Job title: Endowed Chair for Ecosystems and Modeling
Education: Ph.D., University of South Carolina (1983)
M.S., Northeastern University (1976)
B.S., State University of New York at Stony Brook (1971)
Expertise: In 2006, Dr. Montagna joined the HRI Team. He focuses on how organisms control and regulate marine ecosystems and coastal environments. This work is critical in guiding resource management decisions. He and his team closely examine bottom-living organisms and the various attributes of water quality. The increasingly important relationships between humans and the environment are considered in detail through his studies as he looks at the environmental flows, nutrients, and the ultimate impact on marine life.
He adapts his research to the real world by building relationships with business and industry. In the fall of 2009, "Shell Bank," the oyster shell recycling program, launched in partnership with local restaurants and the Port of Corpus Christi. Projects such as these recognize the need for cooperation and education of all of the stakeholders.
Additional Activities: Dr. Montagna shares his expertise with a broad range of organizations. He has initiated conferences and events focused on freshwater inflow into the Gulf of Mexico ecosystems. He received the Chairman's Award, for extended commitment and extraordinary effectiveness in preserving our rich coastal heritage from the Coastal Bend Bays Foundation. He is a member of the Texas Environmental Flows Science Advisory Committee, which is guiding development of flow standards in all Texas rivers and bays. And, he has worked with numerous regional, state and national groups to address critical estuarine issues.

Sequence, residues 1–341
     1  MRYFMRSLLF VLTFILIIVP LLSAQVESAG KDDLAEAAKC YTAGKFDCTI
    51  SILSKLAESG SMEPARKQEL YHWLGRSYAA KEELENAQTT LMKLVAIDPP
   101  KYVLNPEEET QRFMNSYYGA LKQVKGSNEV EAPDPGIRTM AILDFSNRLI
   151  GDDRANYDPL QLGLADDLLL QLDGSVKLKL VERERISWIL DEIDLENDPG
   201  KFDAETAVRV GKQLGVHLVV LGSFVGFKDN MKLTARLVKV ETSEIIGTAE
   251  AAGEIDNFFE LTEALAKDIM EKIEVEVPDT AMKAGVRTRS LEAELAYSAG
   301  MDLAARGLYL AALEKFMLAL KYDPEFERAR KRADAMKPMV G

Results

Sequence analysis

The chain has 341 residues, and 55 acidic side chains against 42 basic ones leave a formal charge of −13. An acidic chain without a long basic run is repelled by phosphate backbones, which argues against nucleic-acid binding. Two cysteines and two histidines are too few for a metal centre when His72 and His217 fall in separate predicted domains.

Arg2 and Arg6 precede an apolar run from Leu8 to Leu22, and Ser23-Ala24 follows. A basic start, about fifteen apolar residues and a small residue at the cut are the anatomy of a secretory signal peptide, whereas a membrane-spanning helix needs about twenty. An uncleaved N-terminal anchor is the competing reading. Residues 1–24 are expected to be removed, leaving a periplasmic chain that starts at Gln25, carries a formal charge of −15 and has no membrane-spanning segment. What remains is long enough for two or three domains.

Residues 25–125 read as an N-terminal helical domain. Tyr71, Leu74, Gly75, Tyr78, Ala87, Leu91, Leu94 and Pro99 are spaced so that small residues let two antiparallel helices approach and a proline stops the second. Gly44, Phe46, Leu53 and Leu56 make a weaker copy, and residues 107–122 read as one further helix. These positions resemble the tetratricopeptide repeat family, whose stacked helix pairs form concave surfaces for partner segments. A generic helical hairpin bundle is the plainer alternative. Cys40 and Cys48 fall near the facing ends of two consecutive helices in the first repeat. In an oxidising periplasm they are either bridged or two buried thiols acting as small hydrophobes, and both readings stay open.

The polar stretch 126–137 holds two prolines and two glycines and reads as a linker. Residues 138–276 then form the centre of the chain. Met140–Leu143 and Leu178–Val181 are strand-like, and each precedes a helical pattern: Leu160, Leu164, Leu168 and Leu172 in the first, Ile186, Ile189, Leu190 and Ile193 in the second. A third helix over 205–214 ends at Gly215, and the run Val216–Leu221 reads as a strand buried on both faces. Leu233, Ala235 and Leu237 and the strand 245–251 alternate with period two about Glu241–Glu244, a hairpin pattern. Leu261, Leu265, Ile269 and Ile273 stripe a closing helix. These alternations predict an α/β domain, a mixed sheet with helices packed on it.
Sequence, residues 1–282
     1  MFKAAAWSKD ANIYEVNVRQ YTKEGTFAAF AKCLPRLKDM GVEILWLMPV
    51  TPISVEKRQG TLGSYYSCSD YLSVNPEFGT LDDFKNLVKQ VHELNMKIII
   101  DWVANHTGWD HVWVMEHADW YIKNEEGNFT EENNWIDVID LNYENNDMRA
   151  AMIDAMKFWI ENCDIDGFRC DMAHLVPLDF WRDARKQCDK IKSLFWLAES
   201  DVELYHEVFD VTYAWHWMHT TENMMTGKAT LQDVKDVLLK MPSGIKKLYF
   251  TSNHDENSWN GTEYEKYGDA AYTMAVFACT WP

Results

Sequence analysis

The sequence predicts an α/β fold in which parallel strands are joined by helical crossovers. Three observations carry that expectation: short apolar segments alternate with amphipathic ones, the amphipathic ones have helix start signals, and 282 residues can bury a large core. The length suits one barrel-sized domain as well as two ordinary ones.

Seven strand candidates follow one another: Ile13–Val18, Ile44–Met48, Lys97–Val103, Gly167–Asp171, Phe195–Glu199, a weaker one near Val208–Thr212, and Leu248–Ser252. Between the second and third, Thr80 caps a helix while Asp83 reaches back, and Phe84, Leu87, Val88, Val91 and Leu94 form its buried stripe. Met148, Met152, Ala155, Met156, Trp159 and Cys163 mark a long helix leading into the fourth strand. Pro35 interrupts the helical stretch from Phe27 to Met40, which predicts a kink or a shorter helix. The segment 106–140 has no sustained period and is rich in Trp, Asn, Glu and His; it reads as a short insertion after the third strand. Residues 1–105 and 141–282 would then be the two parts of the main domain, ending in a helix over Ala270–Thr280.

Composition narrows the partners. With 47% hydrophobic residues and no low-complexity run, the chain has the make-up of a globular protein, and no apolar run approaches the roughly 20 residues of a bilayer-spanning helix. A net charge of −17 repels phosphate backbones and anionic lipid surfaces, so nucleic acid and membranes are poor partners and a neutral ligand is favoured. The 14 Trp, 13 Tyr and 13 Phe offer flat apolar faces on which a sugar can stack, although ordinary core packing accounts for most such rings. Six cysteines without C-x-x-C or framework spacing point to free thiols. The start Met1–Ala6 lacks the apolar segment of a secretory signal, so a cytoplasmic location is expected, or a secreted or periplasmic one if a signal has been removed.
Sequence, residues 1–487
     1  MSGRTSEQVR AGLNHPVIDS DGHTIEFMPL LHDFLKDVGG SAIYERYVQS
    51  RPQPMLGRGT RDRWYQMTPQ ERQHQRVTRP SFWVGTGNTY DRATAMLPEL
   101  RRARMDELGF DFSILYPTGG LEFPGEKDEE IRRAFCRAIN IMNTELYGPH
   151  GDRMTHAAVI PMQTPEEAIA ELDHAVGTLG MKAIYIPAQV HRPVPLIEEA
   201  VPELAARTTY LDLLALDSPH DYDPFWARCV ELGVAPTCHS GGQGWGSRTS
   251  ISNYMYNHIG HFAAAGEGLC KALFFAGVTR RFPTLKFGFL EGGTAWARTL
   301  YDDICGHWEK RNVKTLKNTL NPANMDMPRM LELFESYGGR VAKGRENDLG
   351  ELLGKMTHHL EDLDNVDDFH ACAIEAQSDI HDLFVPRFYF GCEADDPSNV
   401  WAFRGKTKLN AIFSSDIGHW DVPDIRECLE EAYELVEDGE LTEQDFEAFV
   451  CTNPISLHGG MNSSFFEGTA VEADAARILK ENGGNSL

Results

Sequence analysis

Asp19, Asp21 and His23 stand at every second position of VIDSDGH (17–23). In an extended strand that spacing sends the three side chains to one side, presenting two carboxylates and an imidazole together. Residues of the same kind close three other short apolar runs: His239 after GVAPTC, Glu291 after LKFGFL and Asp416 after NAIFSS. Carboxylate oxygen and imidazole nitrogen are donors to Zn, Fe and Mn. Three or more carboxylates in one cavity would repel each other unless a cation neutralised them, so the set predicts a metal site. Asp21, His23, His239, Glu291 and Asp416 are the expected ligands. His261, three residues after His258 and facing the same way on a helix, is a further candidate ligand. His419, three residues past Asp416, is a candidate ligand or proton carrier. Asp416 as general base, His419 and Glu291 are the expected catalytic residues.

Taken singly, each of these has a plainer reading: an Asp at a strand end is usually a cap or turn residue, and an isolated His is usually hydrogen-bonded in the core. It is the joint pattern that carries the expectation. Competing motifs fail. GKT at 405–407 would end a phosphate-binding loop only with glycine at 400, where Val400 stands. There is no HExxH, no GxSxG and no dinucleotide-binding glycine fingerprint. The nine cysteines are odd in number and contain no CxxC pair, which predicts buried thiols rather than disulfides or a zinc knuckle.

Research Focus and Interests: Through his work, Dr. Montagna incorporates a long-term viewpoint. His research to understand the response of estuary ecosystems and organisms such as mollusks, crustaceans, and polychaetes, to freshwater inflow is accomplished by tracking the level of freshwater inflow, nutrients, sediments, and water column characteristics in the bays. One concern, for example, is the occurrence and effects of hypoxic (or "dead") zones and their effects on organisms. The goal of his research is to develop strategies to maintain bay productivity and health. For example, the CAMEO Project will bring together all of the Harte Research Institute's disciplines to address critical freshwater inflow understanding. He works with students and researchers to ensure both effective learning and results. Enter the Lab>>
Publications: Dr. Montagna has demonstrated his commitment to sharing his research and knowledge. He has participated in more than 180 publications and technical reports. Because of the continued emphasis on understanding the relationship of freshwater to long-term health in the Gulf of Mexico by a broad range of interests, his perspectives and research are critical. See Publications>>